This brief write-up is intended to explain and to take some of the mystery out of the Predictive Maintenance (PdM) analyst's tool called "Demodulation".

First, let's take a look at the hypothetical time waveform as shown below. Note that in addition to the normal low frequency of the running speed of the machine that there are repetitive noise bursts occurring that might indicate bearing issues. Now we are presented with the challenge to separate out that information.

This is where we introduce the term "Envelope Demodulation", sometimes also referred to as "High Frequency Enveloping". The Demodulation process looks for the repetitive patterns created by impact events that lie embedded within the time waveform. The PdM instrument will then display a demodulated frequency spectrum that will greatly emphasise these fault frequencies. But how does it work?

commtest fig 1

The first step in the process is to apply a high-pass filter that removes the large low-frequency component(s). The illustration below gives an idea of what the FFT analyzer then "hears" - analogous to the tapping on the water-filled glass:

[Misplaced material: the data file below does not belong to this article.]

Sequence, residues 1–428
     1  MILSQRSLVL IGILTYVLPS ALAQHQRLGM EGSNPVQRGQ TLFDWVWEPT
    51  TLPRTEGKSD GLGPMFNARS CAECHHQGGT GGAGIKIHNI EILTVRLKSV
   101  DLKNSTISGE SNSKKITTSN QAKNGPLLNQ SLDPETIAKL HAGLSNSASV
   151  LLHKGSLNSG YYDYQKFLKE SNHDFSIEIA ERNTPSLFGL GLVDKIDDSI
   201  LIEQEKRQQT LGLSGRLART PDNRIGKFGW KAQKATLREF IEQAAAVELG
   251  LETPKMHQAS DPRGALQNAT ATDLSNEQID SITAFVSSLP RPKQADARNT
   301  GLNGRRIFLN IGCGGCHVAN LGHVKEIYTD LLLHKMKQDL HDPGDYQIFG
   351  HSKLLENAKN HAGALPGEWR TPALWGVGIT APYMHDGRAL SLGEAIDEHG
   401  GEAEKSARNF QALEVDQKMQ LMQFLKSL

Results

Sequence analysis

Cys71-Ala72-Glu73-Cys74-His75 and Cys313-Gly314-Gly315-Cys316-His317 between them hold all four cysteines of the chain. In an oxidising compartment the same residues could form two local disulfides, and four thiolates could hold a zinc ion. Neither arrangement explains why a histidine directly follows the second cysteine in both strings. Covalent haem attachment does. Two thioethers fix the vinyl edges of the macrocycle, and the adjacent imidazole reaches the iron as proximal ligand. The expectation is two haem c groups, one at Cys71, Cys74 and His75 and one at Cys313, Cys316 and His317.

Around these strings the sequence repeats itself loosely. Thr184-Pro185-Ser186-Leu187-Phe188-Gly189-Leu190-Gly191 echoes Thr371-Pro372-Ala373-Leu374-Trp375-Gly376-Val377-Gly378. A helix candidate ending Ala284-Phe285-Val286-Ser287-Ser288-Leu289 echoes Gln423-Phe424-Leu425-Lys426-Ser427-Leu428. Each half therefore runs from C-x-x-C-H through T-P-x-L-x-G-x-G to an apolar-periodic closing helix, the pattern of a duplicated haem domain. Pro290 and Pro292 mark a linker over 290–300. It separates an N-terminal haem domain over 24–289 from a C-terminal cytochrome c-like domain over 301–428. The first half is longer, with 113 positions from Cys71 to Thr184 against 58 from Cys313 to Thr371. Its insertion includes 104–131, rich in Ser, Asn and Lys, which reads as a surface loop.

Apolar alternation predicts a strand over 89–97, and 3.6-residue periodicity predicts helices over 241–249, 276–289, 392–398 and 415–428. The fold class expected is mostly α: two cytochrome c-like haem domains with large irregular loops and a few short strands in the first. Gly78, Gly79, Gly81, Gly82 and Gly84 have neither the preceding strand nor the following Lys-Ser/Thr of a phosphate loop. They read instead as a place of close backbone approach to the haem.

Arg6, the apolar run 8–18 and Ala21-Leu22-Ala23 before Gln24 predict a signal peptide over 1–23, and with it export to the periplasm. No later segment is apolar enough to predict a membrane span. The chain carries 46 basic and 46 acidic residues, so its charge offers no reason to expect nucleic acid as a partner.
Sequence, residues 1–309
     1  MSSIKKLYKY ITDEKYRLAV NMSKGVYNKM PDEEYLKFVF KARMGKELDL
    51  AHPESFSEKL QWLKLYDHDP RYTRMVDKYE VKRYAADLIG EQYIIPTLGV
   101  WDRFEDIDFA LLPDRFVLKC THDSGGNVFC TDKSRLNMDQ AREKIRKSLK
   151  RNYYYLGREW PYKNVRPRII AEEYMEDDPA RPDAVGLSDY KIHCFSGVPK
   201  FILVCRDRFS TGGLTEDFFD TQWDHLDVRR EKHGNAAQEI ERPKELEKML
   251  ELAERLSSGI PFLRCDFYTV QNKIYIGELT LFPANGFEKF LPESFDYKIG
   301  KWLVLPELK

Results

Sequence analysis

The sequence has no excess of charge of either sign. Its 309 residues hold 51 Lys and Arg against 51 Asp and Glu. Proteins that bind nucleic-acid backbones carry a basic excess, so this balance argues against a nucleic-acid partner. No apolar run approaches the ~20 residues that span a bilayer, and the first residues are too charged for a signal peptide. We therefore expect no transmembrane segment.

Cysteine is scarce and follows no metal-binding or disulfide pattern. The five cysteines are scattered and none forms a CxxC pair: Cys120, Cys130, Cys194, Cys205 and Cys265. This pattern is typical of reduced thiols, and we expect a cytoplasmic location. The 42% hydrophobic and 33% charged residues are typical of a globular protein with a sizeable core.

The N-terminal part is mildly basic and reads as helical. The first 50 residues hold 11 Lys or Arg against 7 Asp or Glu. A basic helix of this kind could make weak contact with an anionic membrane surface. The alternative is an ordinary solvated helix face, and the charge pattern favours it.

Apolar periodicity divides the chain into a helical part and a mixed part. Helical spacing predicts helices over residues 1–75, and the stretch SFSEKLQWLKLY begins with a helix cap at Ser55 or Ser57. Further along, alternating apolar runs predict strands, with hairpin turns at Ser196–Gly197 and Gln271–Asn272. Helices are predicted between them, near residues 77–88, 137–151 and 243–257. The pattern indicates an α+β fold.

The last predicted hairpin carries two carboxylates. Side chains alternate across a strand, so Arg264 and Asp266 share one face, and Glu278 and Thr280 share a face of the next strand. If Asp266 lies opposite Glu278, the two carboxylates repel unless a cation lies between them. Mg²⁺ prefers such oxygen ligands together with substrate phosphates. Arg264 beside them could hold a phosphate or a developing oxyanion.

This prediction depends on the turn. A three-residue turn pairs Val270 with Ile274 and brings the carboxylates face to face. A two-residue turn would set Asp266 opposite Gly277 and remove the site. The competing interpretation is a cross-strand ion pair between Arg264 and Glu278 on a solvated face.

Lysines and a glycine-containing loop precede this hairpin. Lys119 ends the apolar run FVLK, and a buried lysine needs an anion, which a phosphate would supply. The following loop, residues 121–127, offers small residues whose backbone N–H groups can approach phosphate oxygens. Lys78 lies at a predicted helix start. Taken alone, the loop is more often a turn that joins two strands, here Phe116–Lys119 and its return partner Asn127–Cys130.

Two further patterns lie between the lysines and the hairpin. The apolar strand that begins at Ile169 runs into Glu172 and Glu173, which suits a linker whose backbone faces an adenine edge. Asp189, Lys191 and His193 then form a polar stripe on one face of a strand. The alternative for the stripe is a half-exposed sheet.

commtest fig 2

Next, we "rectify" the signal so that all negative-going pulses are made positive, and we trace an "envelope" around the positive-going bursts in the waveform to identify the impact events as repetitions of the same fault. The resulting waveform appears as shown below.

commtest fig 3

And now this enveloped signal is passed through the FFT process to obtain a frequency spectrum. In this example, the signal now clearly presents the BPFO peaks (and harmonics) as we first hoped for.

commtest fig 4

After the work has been done by the instrumentation, as we have illustrated in the step-by-step process, then the questions become: "What do I do with this information and how am I to interpret it?"

Think of "Demodulation" data to be as an "early warning" indicator. Look for peaks at known bearing fault frequencies in both the normal vibration spectra and the demodulated spectra. Below are some general guidelines for action:

1. No peaks in either spectrum: Condition is good, use as a baseline for         future comparisons.
2. Peaks appear in Demod only: Early warning indication that defects exist (or the bearing needs lubrication).
3. Peaks appear in Normal and Demod spectra: Plan replacement at next maintenance period.
4. Peaks appear in Normal spectra only, combined with a rise in the Demod noise floor: Replace the bearing now!

Tip provided by:
Dennis Shreve
Commtest, Inc.
Support Engineer

Tel: +1 865 862 6671

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